Reducing training overheads and avoiding unsatisfactory latency of user requests will also be a key objective of Deep Learning development and evolution over the course of 2021 and beyond.

My Vision of Connectionism: Connecting one human to another (we're all human beings), connecting AI with AI, and AI with humans all at the level of the mind.

When I adopted the @DeepLearn007 handle on Twitter many years ago, I was inspired by the notion ofconnectionism, and the image that I selected for the account illustrates how 2 human beings could connect at the level of the brain and how the exchange of information, in effect ideas, drives innovation and the development of humanity. In the virtual world much of that occurs at the level of data and the analytical insights that we gain from that data through application of AI (Machine Learning and Deep Learning) to generate responses.

I remain a connectionist, albeit an open minded one. I believe that Deep Neural Networks will remain very important and the cornerstone of AI development but just like Deep Reinforcement Learning combined Reinforcement Learning with Deep Learning to very powerful effect with the likes ofAlphaGo,AlphaZero, andMuZeroresulting, so too developing hybrid AI that combines Deep Learning with Symbolic and Evolutionary approaches will lead to exciting new product developments and enable Deep Learning to scale beyond Social Media and Ecommerce sectors where the likes of medics and financial services staff wantcausal inferenceandexplainabilityfor trust in the AI decision making. For example,Microsoft Researchstate that "understanding causality is widely seen as a key deficiency of current AI methods, and a necessary precursor for building more human-like machine intelligence."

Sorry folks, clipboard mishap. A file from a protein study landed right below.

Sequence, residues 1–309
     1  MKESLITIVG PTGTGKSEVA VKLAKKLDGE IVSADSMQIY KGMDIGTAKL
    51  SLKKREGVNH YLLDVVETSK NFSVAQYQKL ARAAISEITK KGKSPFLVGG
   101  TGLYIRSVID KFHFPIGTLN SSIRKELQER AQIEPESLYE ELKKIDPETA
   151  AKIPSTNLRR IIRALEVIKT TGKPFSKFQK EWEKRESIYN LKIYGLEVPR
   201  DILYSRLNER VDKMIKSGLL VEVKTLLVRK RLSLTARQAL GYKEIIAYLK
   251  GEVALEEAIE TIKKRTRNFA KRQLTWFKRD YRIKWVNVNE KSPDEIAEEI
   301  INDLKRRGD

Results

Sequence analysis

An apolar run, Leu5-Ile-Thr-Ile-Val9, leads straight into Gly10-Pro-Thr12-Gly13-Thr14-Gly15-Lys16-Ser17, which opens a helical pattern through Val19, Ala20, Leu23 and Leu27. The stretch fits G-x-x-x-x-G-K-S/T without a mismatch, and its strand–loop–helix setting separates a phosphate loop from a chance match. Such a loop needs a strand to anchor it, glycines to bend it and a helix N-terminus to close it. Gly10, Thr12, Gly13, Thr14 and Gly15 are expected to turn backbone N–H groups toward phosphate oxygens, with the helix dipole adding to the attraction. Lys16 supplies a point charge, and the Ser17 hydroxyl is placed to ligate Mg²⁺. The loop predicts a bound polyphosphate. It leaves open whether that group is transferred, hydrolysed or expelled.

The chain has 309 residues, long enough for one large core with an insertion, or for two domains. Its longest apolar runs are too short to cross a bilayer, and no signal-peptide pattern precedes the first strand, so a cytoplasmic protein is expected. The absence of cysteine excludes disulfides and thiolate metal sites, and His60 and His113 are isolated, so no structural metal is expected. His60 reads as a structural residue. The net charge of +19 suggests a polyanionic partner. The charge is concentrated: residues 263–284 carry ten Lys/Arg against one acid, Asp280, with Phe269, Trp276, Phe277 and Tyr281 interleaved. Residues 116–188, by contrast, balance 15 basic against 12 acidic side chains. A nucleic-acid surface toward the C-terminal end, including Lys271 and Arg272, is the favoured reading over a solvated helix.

Furthermore, in order for autonomous vehicles to truly take off we'll need the model explainability for situations where things have gone wrong in order to understand what happened and how we may reduce the probability of the same outcome in the future.

The next generation of AI will be in the direction towards the era Broad AI and the adventure will be here in 2021 as we move towards the Edge, towards a better world as we move beyond the scars and challenges of 2020. The journey may require scaled up 5G networks around the world to really transform the broader economy and that may only really start to happen at the end of the year and beyond but the direction of the pathway is clear.

The exciting potential for healthcare, smart industry, smart cities, smart living, education, and every other sector of the economy will mean that a new of businesses will emerge that we cannot even imagine today.

Perhaps a good point to conclude is with the forecast from Ovum and Intel for the impact of 5G for the media sector (of courseAI will play a big role alongside 5Gin developing new hyper personalised services and products andhave a symbiotic relationship together).

Source for the image above:Intel Study Finds 5G will Drive $1.3 Trillion in New Revenues in Media and Entertainment Industry by 2028

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Towards Broad Artificial Intelligence (AI) & The Edge in 2021 - BBN Times

AI’s Carbon Footprint Issue Is Too Big To Be Ignored – Analytics India Magazine

A lot has been said about the capabilities of artificial intelligence, from humanoid robots, self-driving cars to speech recognition. However, one aspect of AI that often doesnt get spoken about is its carbon footprint. AI systems consume a lot of power, and resultant of this generate large volumes of carbon emissions that harm the environment and further accelerate climate change.

It is interesting to note the duality of AI in terms of its effect on the environment. On the one hand, it helps in devising solutions that can reduce the effects of climate and ecological change. Some of which include smart grid design, development of low-emission infrastructure, and climate change predictions.

But, on the other hand, AI has a significant carbon footprint that is hard to ignore.